Zhao Zilong’s solo rescue of Liu Bei’s infant son


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According to the ‘Account of Zhao Yun’ (赵云传) in ‘The Records of the Three Kingdoms’ (三国志), Zhao Yun (styled Zilong, 子龙) was a distinguished general serving under his warlord, Liu Bei 刘备. It is said that Zhao was not only handsome and sturdy-built, but also brave and skilled in battle. In Chapters 41 to 42 of ‘Romance of the Three Kingdoms’ (三国演义 Sanguo Yanyi), it is recorded that in 208 CE during the Eastern Han dynasty, Liu Bei lost a battle to his opponent Cao Cao 曹操 at Changbanpo 长坂坡. Liu Bei fled south with his troops, leaving behind his wife Lady Mi and infant son Liu Shan (刘禅, nickname A’Dou 阿斗). The brave Zhao Yun went back to the battlefield seven times to search for Liu’s lost family and eventually found Lady Mi holding A’Dou and crying beside a well. Lady Mi thanked Zhao for saving her son’s life but then turned and jumped into the well so as not to burden Zhao on his way out. Zhao tied the infant A’Dou onto his trunk and fought fiercely against Cao’s army. It is said that he fought off more than fifty warriors before finally reuniting with his warlord Liu Bei.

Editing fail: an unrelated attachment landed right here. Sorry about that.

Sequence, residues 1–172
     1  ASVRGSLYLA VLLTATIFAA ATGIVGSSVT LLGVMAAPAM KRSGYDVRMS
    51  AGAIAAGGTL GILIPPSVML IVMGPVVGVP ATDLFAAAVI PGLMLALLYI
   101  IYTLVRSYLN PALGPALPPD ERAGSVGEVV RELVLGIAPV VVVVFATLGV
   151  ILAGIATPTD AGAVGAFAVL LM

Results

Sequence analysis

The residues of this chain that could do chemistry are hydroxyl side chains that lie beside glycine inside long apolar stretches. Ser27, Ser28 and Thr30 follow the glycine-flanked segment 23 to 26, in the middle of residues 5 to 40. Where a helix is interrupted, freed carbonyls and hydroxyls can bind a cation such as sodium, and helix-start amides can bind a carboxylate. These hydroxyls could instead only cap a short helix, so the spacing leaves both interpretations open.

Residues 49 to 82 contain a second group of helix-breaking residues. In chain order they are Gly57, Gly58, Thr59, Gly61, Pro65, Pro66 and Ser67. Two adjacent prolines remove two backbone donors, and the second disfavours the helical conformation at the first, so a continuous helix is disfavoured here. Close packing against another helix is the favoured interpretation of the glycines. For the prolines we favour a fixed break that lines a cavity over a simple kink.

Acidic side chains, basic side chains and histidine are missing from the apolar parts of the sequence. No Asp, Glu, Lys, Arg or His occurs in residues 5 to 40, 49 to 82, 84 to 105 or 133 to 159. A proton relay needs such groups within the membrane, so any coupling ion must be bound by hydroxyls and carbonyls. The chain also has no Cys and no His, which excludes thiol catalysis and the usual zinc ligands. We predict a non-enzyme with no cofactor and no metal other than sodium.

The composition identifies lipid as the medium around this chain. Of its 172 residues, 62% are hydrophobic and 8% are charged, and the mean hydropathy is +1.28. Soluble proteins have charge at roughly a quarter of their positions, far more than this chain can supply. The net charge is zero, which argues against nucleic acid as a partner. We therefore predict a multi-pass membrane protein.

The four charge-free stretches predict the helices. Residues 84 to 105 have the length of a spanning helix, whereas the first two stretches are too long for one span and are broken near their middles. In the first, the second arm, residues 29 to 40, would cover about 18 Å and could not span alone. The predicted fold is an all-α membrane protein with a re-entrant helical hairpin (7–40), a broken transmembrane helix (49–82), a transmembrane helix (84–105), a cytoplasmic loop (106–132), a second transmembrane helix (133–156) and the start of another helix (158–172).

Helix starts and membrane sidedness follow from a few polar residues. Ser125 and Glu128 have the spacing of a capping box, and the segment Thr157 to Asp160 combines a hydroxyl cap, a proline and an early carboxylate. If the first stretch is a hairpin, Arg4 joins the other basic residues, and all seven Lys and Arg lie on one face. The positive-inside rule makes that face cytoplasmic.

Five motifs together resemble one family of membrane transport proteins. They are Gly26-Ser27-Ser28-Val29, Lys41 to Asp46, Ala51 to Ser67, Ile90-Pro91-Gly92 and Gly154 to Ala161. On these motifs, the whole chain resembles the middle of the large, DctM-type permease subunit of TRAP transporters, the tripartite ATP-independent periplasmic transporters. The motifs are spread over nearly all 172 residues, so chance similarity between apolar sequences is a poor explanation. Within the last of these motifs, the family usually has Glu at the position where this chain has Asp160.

story scene description by Rachel Ma


Related Figures and Stories:

Liu Bei and Sun Quan chopping stone 刘备孙权砍石问天(孙刘试剑)

General Zhou Yu Flogging Huang Gai 周瑜打黄盖 (苦肉计)


Fig 1-2: porcelain ‘gui’ censer with underglaze blue decoration, 1625, Tianqi period (1621–27), Ming dynasty, courtesy of the Trustees of the British Museum

Fig 3: porcelain vase with underglaze blue decoration, 17th century, courtesy of Hargesheimer Auction House, 07-10 September 2022, Lot 978

Fig 4-5: porcelain vase with overglaze enamelled decoration, Kangxi period (1662–1722), Qing dynasty, courtesy of Taft Museum of Art, Cincinnati, Accession Number: 1931.140

Fig 6-7: porcelain vase with overglaze enamelled decoration, Kangxi period (1662–1722), Qing dynasty, courtesy of Shanghai Museum, China

Fig 8-9: fresco, Republic period (1911–49), the Long Corridor of the Summer Palace, Beijing, China. Photograph taken on April 17, 2005 by Rolf Müller (User:Rolfmueller) – Own work, CC BY-SA 3.0

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